Reading XML Files with the XmlTextReader Class

In the previous article, I presented the XmlTextWriter class as a noncached, forward-only means of writing XML data. In this article, you’ll look at the reciprocal class for reading XML data—the XmlTextReader class. The XmlTextReader class is also a sequential, forward-only class, meaning that you cannot dynamically search for any node—you must read every node from the beginning of the file until the end (or until you’ve reached the desired node). Therefore, this class is most useful in scenarios where you’re dealing with small files or the application requires the reading of the entire file. Also, note that the XmlTextReader class does not provide any sort of XML validation; this means that the class assumes that the XML being read is valid. In this week’s article, I’ll illustrate the following aspects of using the XmlTextReader class:

  • Reading and parsing XML nodes
  • Retrieving names and values

Reading and Parsing XML Nodes

As mentioned, the XmlTextReader does not provide a means of randomly reading a specific XML node. As a result, the application reads each node of an XML document, determining along the way whether the current node is what is needed. This is typically accomplishd by constructing an XmlTextReader object and then iteratively calling—within a loop—the XmlTextReader::Read method until that method returns false. The code will generally look like the following:

// skeleton code to enumerate an XML file's nodes
   XmlTextReader* xmlreader = new XmlTextReader(fileName);
   while (xmlreader->Read())
      // parse based on NodeType
catch (Exception* ex)

As each call to the Read method will read the next node in the XML file, your code must be able to distinguish between node types. This includes everything from the XML file’s opening declaration node to element and text nodes and even includes special nodes for comments and whitespace. The XmlTextReader::NodeType property is an enum of type XmlNodeType that indicates the exact type of the currently read node. Table 1 lists the different types defined by the XmlNodeType type.

Table 1 has been abbreviated to show only those XmlNodeType values that are currently used by the NodeType property.

Table 1: XmlNodeType Enum Values

XmlNodeType Value Description
Attribute An attribute defined within an element
CDATA Identifies a block of data that will not parsed by the XML reader
Comment A plain-text comment
DocumentType Document type declaration
Element Represents the beginning of an element
EndElement The end element tag—for example, </author>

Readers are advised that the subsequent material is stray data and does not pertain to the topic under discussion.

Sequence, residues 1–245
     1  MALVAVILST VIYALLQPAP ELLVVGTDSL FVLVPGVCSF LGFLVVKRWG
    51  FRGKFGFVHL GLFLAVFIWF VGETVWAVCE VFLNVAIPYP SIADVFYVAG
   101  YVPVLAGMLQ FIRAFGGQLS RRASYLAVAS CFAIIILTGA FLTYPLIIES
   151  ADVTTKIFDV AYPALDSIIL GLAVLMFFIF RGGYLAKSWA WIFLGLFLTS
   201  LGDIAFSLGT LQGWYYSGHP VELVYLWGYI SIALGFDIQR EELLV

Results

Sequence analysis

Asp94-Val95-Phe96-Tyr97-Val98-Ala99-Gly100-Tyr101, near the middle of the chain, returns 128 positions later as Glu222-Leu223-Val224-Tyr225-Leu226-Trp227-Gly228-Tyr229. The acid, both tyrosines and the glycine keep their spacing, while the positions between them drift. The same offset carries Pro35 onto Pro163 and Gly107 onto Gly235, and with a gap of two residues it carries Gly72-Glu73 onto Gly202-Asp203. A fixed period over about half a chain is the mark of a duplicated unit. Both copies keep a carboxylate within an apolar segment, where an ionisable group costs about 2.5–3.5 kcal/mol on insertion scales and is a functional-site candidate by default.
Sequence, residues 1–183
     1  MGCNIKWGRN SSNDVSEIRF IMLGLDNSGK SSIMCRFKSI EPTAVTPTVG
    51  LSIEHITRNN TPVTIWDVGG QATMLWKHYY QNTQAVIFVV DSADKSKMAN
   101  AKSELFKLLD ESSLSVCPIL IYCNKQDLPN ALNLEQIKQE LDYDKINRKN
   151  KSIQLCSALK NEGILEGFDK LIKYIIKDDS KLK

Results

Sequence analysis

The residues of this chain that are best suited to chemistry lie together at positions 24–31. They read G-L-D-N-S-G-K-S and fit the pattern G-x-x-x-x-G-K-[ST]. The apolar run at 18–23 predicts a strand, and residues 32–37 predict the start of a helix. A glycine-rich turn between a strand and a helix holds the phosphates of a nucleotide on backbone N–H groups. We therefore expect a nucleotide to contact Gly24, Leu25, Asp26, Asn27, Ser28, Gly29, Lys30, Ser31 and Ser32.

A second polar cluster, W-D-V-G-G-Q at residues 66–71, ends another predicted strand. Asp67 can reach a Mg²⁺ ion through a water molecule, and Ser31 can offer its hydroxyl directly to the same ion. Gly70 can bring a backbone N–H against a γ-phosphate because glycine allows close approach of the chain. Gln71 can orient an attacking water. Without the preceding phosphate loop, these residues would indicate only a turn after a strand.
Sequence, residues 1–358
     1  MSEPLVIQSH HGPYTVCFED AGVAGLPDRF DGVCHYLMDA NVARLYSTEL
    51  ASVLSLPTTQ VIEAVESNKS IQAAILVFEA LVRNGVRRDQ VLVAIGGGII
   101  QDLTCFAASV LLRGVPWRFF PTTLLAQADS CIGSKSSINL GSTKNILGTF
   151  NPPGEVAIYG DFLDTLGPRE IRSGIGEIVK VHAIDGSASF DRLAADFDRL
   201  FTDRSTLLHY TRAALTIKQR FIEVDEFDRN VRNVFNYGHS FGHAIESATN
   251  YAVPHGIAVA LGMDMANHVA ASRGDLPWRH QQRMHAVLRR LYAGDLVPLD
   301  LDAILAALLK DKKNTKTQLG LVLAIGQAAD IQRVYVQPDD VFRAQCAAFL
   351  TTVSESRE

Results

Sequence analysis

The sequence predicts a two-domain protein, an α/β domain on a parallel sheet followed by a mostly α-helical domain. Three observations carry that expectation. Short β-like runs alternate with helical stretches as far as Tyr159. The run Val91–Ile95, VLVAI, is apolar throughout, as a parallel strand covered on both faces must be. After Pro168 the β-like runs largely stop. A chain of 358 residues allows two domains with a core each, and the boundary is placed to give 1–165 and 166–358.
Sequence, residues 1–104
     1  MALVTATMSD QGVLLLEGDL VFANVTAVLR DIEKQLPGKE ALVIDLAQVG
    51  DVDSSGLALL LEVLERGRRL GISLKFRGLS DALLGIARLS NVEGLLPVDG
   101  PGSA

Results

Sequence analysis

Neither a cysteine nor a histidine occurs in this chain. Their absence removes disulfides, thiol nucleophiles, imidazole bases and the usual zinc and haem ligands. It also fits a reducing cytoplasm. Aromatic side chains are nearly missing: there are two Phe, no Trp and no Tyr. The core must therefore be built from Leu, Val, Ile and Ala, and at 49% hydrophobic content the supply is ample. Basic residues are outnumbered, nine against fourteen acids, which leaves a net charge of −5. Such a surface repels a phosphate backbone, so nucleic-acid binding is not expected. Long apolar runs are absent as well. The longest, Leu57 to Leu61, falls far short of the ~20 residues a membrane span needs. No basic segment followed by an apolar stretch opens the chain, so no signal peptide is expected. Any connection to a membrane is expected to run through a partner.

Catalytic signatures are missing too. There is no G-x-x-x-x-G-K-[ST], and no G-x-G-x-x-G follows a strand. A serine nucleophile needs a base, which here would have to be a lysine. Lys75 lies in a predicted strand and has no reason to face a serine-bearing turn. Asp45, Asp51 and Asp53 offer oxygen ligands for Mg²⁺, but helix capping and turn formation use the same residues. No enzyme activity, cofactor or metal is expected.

EntityReference An entity reference
None The state the reader is in before Read has been called
ProcessingInstruction An XML processing instruction
SignificantWhitespace White space between markup tags in a mixed content model
Text The text value of an element
Whitespace White space between tags
XmlDeclaration The XML declaration node that starts the file/document

Now that you see how to discern node types, look at a sample XML file and a code snippet that will read and output to the console all found nodes within that file. This will illustrate what the XmlTextReader returns to you with each Read and what you should look for in your code as you enumerate through the file’s nodes. Here first is a simple XML file:

<?xml version="1.0" encoding="us-ascii"?>
<!-- Test comment -->
   <email language="EN" encrypted="no">
      <from>[email protected]</from>
      <to>[email protected]</to>
         <copy>[email protected]</copy>
      <subject>Buyout of Microsoft</subject>
      <message>Dear Bill...</message>

Now for the code. The following code snippet opens an XML file and—within a while loop—enumerates all nodes found by the XmlTextReader. As each node is read, its NodeType, Name, andValue properties are output to the console:

// Loop to enumerate and output all nodes of an XML file
String* format = S"XmlNodeType::{0,-12}{1,-10}{2}";

XmlTextReader* xmlreader = new XmlTextReader(fileName);
while (xmlreader->Read())
   String* out = String::Format(format,

Looking at the file and code listings, you should easily be able to see how each of the lines in Figure 1 were formed.

Figure 1: Enumerating all the nodes of an XML file

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